For years, I described myself as someone who wasn’t prone to anger. “I don’t get angry,” I said. “I get sad.” I believed this inclination was mainly about my personality — that sadness was a more natural emotion for me than anger, that I was somehow built this way. It’s easy to misunderstand the self as private, when it’s rarely private at all: It’s always a public artifact, never fixed, perpetually sculpted by social forces. In truth, I was proud to describe myself in terms of sadness rather than anger. Why? Sadness seemed more refined and also more selfless — as if you were holding the pain inside yourself, rather than making someone else deal with its blunt-force trauma.

But a few years ago, I started to get a knot in my gut at the canned cadences of my own refrain: I don’t get angry. I get sad. At the shrillest moments of our own self-declarations — I am X, I am not Y — we often hear in that tinny register another truth, lurking expectantly, and begin to realize there are things about ourselves we don’t yet know. By which I mean that at a certain point, I started to suspect I was angrier than I thought. [...]

The phenomenon of female anger has often been turned against itself, the figure of the angry woman reframed as threat — not the one who has been harmed, but the one bent on harming. She conjures a lineage of threatening archetypes: the harpy and her talons, the witch and her spells, the medusa and her writhing locks. The notion that female anger is unnatural or destructive is learned young; children report perceiving displays of anger as more acceptable from boys than from girls. [...]

https://mobile.nytimes.com/2018/01/17/magazine/i-used-to-insist-i-didnt-get-angry-not-anymore.html
0 Replies
 
centrox
 
  1  
Reply Sat 10 Feb, 2018 03:57 am
@ehBeth,
ehBeth wrote:
Olivier5 wrote:
Sharing the responsibility of sexual initiation with women is in men's best interest, because it will force women to realize how hard it is to propose or ask for sexual intimacy without offending anyone and making any faux pas ever... Trying to court us will hopefully teach women a degree of humility and forgiveness for our own weaknesses in courtship.

your own , and Centrox's, evidence suggests it's already been going on for some time

It has ever been thus. Let's not get era-parochial about this. There is and always has been a spectrum. This is why I object to the over simplification I have seen here. There have always been men who subscribe to all that "alpha male" crap, and women who feel all feminine when they meet a "powerful man". There are men who subscribe to this world view but feel burned that they aren't "alpha" and therefore they can't get the "sex" they feel entitled to. Corresponding women too I daresay, who feel they can't hook a powerful man. There are also men and women who don't buy that analysis. Look at HG Wells. A short, fat man, not at all imposing, with a squeaky voice. Many women found him irresistible (including, it recently transpired, Martha Gellhorn). He had "tiny hands". His body was said to "smell of honey". I don't think that his (very) many lovers had all read Anna Veronica and become fired up with feminist zeal which transmuted into lust.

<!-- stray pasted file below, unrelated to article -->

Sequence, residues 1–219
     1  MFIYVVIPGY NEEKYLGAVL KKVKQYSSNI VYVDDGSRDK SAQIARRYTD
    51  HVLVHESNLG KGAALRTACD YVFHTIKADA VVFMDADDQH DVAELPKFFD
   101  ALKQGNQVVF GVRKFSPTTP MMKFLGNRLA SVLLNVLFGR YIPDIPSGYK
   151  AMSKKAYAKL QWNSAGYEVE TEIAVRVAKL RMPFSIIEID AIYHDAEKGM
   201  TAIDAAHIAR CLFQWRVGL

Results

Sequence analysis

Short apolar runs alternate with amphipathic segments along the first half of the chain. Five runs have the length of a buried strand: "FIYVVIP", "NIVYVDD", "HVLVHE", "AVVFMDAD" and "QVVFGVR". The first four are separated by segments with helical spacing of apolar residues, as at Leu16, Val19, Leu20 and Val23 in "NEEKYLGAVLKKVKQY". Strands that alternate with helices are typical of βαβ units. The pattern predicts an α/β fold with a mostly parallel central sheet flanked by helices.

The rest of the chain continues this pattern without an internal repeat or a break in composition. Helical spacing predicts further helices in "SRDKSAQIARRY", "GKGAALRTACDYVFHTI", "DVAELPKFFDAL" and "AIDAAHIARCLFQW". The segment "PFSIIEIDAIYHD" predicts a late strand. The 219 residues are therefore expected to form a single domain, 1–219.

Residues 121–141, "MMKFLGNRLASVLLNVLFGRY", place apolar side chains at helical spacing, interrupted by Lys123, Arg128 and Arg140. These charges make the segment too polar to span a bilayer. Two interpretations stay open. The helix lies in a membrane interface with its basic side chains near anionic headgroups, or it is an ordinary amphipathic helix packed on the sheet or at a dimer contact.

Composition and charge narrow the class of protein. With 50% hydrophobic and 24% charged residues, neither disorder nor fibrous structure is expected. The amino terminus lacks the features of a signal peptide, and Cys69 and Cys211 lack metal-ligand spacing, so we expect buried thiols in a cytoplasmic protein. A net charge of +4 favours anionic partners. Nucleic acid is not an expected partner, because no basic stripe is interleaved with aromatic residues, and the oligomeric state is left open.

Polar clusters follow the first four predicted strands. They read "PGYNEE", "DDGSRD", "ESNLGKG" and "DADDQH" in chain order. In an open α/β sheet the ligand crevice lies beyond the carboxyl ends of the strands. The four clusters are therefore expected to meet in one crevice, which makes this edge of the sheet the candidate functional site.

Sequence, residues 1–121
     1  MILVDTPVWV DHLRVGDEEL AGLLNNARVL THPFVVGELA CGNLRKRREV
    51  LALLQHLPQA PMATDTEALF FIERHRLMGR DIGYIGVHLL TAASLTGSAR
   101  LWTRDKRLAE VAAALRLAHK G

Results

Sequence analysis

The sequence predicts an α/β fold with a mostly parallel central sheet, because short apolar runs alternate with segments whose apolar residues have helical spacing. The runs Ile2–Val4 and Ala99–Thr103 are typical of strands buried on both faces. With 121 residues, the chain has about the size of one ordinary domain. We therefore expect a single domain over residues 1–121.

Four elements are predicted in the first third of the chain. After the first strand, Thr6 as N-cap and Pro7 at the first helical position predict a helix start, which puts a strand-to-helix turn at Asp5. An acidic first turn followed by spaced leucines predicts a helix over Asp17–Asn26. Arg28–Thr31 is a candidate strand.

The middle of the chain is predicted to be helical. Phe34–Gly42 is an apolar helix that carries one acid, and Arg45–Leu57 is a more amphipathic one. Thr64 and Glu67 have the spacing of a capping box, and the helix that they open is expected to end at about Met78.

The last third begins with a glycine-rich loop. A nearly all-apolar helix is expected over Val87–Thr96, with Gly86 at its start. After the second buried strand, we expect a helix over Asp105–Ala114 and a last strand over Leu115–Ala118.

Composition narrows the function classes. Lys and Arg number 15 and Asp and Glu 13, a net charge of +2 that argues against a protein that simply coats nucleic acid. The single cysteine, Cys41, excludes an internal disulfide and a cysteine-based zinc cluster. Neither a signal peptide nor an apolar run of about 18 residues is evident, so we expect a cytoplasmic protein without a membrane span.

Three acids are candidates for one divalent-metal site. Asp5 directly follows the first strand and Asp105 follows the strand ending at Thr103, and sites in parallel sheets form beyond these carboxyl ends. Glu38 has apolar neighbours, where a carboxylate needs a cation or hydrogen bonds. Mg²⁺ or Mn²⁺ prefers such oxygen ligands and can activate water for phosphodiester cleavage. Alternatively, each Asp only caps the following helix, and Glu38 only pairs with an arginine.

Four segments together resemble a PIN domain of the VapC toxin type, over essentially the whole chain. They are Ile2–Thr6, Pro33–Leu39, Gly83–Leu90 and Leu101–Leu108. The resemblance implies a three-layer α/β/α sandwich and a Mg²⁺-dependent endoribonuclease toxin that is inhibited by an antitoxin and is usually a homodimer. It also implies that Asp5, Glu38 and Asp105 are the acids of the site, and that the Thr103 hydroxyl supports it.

Olivier5
 
  1  
Reply Sat 10 Feb, 2018 04:16 am
@ehBeth,
Among mammals, males typically fight each others off for females, so that the strongest males will reproduce more than the weaker ones. So it shouldn't come as a surprise that mammal females (including human ones) tend to find male power sexy. It's Darwinian. An athletic male body is generally seen as more desirable than a fat or non-muscular body frame. The classic canon of beauty for men is something like that:

http://www.historywiz.com/images/greece/laocoon.jpg

Olivier5
 
  1  
Reply Sat 10 Feb, 2018 04:21 am
@centrox,
Of course there's always been a spectrum, but a spectrum can move, evolve, widen or slide on one side. Something like that is happening IMO.
centrox
 
  2  
Reply Sat 10 Feb, 2018 04:26 am
@Olivier5,
Olivier5 wrote:
So it shouldn't come as a surprise that mammal females (including human ones) tend to find male power sexy. It's Darwinian.

They should find intelligence and resourcefulness more sexy, surely, since a brave hunk might get eaten while duking it out with a sabre-toothed tiger, while the nerdy clever guy worked out how to make a trap? That is, if you buy that over simplified "Darwinian" notion (which I don't.)

I see you edited a rather Freudian slip while I was replying...

https://images2.imgbox.com/33/fc/o3kNtJZ9_o.jpg
centrox
 
  1  
Reply Sat 10 Feb, 2018 04:27 am
@Olivier5,
Olivier5 wrote:
a spectrum can move, evolve, widen or slide on one side.

I guess you didn't major in physics?
izzythepush
 
  1  
Reply Sat 10 Feb, 2018 04:29 am
@centrox,
Or Captain Scarlet.

https://vignette2.wikia.nocookie.net/captainscarlet/images/2/28/Spectrum_logo.gif/revision/latest?cb=20110322191942
0 Replies
 
Olivier5
 
  1  
Reply Sat 10 Feb, 2018 05:33 am
@centrox,
What freudian slip?

Behold! Womankind also finds male intelligence sexy. Not surprisingly again.

It's hard to escape biology. And nobody said that the forces that shaped our evolution are simple, unidirectional. It's always about complex feedbacks systems. But yes, some trends emerge in terms of what males and females find sexy in the other gender. Things like big boobs and wide hips are evidently corelated with reproduction fitness. An athletic man, likewise, provides desirable genetic and behavioral traits as compared to say, a crippled man.

By the way, men tend to like a muscular male body too; they naturally find a greek god statue beautiful, me think, and they too find power arousing. Likewise, women can appreciate other women's beauty and sexiness. Males and females have the same basic brain and feel the same things; their differences are only a matter of degree, within a wide spectrum. I'm not trying to say there are hardwired differences between the sexes, only differences in degree. The same basic instrument (the human brain) is tuned slightly differently for each and everyone of us.
Olivier5
 
  1  
Reply Sat 10 Feb, 2018 05:35 am
@centrox,
I guess you didn't major in biology.
0 Replies